Use the phrase “I think you’d do a great job by”. There are a lot of different ways to say the exact same thing. In the case of critical feedback, it’s best to shy away from anything that has a negative connotation. Instead of saying something like, “To do it right you should do it this way,” a better option is to say, “I think you’d do a great job by X.” Saying “I think”,“you” and “great job” in the same sentence subconsciously reassures the person that they are capable and you have confidence in them.

Offer up examples, suggestions and solutions. Critical feedback isn’t valuable unless the recipient walks away with an understanding of how to move forward.

Take responsibility when it’s warranted. Sometimes people miss the mark because they weren’t sure what the mark was. Yes, if someone is unclear they should ask questions. However, sometimes the directions that are given aren’t that great or were too vague—leaving room for assumed understanding. Review your notes to see if there was a miscommunication or lack of details. If so, take responsibility for not giving the person enough guidance.

End on a positive note. It’s a good idea to start and end the critical feedback on a positive note. Remind them of the things you liked about their work and let them know you’re confident in their capabilities. That way the recipient is more likely to walk away hopeful and motivated rather than dejected and uncertain.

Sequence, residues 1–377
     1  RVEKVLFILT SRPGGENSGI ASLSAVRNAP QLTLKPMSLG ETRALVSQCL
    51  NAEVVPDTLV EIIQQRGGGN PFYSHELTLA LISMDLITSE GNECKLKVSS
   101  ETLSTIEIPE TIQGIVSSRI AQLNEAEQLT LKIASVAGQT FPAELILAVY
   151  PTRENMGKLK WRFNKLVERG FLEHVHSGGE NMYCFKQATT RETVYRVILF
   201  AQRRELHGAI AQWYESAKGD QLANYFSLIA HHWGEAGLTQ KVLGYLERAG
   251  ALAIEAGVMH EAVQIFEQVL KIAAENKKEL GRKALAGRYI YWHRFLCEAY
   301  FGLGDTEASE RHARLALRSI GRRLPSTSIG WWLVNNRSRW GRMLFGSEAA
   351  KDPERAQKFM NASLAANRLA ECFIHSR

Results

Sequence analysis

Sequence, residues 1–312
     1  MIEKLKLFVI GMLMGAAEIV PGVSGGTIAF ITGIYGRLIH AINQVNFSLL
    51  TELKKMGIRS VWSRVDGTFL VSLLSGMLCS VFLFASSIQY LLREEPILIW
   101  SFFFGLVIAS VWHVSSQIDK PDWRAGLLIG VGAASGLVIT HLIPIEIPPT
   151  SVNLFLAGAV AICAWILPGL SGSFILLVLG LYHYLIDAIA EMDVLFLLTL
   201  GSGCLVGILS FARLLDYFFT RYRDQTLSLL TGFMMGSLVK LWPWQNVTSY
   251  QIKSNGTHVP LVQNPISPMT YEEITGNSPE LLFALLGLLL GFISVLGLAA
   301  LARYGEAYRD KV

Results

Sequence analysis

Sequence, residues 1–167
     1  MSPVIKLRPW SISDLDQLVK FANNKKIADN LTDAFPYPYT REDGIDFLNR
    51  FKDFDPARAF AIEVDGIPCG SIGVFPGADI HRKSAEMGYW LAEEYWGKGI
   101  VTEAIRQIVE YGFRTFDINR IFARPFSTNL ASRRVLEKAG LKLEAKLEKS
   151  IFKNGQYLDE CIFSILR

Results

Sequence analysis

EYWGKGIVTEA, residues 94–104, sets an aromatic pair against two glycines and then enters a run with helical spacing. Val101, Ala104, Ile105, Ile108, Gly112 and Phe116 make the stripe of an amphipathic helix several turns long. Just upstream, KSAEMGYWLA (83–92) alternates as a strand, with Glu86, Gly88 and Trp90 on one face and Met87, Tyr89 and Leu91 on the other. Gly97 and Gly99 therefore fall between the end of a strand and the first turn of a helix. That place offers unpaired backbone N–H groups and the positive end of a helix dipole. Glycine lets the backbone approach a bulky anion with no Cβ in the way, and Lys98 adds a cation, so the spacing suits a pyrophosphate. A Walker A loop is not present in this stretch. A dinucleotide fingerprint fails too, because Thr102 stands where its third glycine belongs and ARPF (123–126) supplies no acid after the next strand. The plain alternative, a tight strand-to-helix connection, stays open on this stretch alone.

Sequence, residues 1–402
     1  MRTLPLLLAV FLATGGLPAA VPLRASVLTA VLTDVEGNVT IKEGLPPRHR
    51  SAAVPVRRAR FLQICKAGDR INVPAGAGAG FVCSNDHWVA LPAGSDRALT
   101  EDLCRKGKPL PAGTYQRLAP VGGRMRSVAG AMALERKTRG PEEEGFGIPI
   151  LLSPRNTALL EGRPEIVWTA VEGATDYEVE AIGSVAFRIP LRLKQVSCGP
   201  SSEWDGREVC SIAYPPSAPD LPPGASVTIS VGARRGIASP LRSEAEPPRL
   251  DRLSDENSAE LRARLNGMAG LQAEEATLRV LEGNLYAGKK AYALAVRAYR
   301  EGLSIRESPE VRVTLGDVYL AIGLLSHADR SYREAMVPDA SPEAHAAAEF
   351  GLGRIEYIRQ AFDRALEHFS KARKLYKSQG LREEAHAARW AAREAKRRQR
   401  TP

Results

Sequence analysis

Accepting Critical Feedback

The first word of the sub-title above is important. It’s not enough to hear or receive critical feedback. We need to accept it, which is the hardest part.

Remember that critical feedback makes you better at what you do. True critical feedback is meant to help you improve, not cut you down. In a way, it’s reassurance, because the person giving the constructive criticism wants you to succeed or they wouldn’t bother giving feedback.

Ask for follow up notes. Often we don’t remember feedback accurately since we prefer our positive opinion about our work. This can hinder our ability to get things perfectly right on the second go-round. Ask the feedback giver if they can send a follow up email with their critique.

Ask for feedback. Being the one to put it out there makes you more of a participant than a recipient.

Ask questions during the feedback session. Too often people think that they need to be quiet bystanders during a critique. The feedback session is more productive and fruitful if you participate by asking questions and soliciting advice so you can wow them on the re-draft.

Request that the conversation be relocated if you’re in public. A critical feedback session only requires two people. Some people have no problem receiving a critique in front of co-workers, but if that makes you uncomfortable, request that you step into a conference room or schedule a sit down later that day.

Hear the critic out before jumping to your own defense. The initial response to being critiqued is to defend your work. The problem is you could miss a good point with a knee jerk defensive response. Let the evaluator speak their piece – you’ll know exactly what they’re thinking and will have a few minutes to come up with a calm and collected response.

Do your own self-critique. Before your supervisor critiques your work take a critical look at it. Put your objective cap on and consider what could have been done differently. During the feedback session you can open the conversation with your own observations.